HeptonstallBuilt in 1764, the design and construction of this Grade II listed Octagonal Chapel were overseen by John Wesley, who frequently preached here. One...Built in 1764, the design and construction of this Grade II listed Octagonal Chapel were overseen by John Wesley, who frequently preached here. One of the first octagonal chapels, it is one of the oldest Methodist churches in continuous use today. This unusual octagonal chapel is open every day. It’s tucked away at the bottom of a flight of steps off Northgate. Entry is free, with donations to the upkeep of the Chapel welcome. Please email Circuit Heritage Officer Mr. John Wilson regarding visits and other activities, at firstname.lastname@example.org. Methodism in Heptonstall began with the firebrand Scot William Darney. He founded many societies on both sides of the Pennines as he travelled, preaching as he went. The Heptonstall “Darney Society” was visited by Charles and John Wesley in 1747. In these early days, Heptonstall had a preacher every sixth Sunday, with the travelling preachers receiving no stipend or allowance, eating where they could. John Wesley continued to visit Heptonstall and there were always immense crowds to hear him. The society was so successful it was decided to build a chapel. The octagon shape was then fashionable for Methodist preaching houses, as it avoided conflict with the established church. The building was finished in 1764. It was intended to hold 200 people, but by 1802 there were 337 members and over 1000 scholars. The solution was to knock down the far end of the chapel, lengthen the walls and rebuild it, preserving its octagonal shape. Heptonstall is located on The Calderdale Way, a 50 mile walking route that circles the borough of Calderdale. Please call in to visit the Chapel if you're passing by.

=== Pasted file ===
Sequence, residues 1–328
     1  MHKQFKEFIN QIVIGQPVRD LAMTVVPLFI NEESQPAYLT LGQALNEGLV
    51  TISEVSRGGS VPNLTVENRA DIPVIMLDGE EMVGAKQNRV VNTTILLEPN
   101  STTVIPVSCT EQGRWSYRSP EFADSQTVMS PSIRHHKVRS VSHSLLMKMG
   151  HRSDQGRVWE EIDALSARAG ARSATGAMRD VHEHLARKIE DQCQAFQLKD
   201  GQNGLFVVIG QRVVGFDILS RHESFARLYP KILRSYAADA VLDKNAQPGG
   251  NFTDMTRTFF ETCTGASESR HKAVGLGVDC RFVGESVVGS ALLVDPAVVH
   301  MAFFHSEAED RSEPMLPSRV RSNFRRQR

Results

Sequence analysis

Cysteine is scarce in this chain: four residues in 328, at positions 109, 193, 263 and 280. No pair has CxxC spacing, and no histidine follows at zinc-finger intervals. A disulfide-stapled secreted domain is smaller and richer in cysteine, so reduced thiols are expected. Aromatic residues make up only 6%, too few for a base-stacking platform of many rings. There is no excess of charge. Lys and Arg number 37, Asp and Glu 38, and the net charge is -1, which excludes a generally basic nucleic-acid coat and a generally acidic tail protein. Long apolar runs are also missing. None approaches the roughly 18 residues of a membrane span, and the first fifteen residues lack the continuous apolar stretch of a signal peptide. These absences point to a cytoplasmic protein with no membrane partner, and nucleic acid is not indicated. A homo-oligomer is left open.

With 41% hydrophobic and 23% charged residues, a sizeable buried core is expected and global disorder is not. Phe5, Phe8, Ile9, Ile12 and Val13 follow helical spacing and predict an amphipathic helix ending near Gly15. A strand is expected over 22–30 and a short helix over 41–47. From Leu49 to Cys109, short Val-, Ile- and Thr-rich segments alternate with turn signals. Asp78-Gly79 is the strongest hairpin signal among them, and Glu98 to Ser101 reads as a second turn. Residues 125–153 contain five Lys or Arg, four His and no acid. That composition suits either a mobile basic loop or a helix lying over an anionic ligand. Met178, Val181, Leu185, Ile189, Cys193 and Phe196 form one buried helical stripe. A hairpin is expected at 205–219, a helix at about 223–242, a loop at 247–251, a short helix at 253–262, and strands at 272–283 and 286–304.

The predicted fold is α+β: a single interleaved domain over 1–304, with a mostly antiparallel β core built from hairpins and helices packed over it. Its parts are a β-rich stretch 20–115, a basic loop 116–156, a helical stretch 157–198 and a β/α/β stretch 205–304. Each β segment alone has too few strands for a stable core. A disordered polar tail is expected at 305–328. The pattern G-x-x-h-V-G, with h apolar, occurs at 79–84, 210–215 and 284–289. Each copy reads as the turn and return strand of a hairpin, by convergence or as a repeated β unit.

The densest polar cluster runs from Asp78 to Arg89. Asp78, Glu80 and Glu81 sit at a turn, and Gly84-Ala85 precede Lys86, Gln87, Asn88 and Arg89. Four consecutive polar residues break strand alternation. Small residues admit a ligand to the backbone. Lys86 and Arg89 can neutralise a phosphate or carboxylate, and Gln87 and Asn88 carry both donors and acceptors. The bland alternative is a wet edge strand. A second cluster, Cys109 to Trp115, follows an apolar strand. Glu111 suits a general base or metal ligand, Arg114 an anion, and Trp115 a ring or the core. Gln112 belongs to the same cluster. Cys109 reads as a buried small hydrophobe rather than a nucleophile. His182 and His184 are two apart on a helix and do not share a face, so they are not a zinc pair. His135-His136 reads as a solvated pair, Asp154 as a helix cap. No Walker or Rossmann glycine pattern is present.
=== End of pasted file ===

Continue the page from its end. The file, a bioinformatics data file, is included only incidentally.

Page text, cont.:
HalifaxThis Heritage Discovery Trail has been designed for children and families, but will be enjoyed by people of all ages. It will take you on a walking...This Heritage Discovery Trail has been designed for children and families, but will be enjoyed by people of all ages. It will take you on a walking tour around Halifax town centre, asking you to use your detective skills of observation, thinking, note-taking and sketching as you go. You can complete the Discovery Trail in a way that suits you. It can be done in ‘bite-size’ chunks over several visits or if you are feeling brave and have a lot of energy, you can try it all in one go! Many of the tasks can be completed by looking at the outsides of the buildings but sometimes, you will be invited to pop indoors to have a search around. Please check the opening times for each building that allows this – details are on their websites which are listed throughout the booklet. As far as is reasonably practicable, each building on this Discovery Trail provides a standard of access for disabled people equal to that enjoyed by the rest of the public.
BrighouseThe Brighouse and Rastrick Band is regarded by many as the best and most consistent ‘public subscription band’ in the world. The band was formed...The Brighouse and Rastrick Band is regarded by many as the best and most consistent ‘public subscription band’ in the world. The band was formed over 130 years ago through public donations given by the townsfolk of the adjacent villages of Brighouse and Rastrick that face each other across the River Calder in West Yorkshire, England.
GreetlandThe world famous Andy Thornton showroom is open to everyone. A lovingly restored former textile mill in Yorkshire is the ultimate destination for r...The world famous Andy Thornton showroom is open to everyone. A lovingly restored former textile mill in Yorkshire is the ultimate destination for restaurateurs, hoteliers, bar owners, designers, developers and home owners looking for something special and unique, that won’t be found anywhere else. We offer thousands of products in ranges including contract furniture, decorative lighting, architectural metalwork, wood carvings and decorative accessories. We also stock the UK’s largest selection of architectural antiques and salvage and have recently launched a complete range of vintage industrial furniture, lighting and retail display fixtures.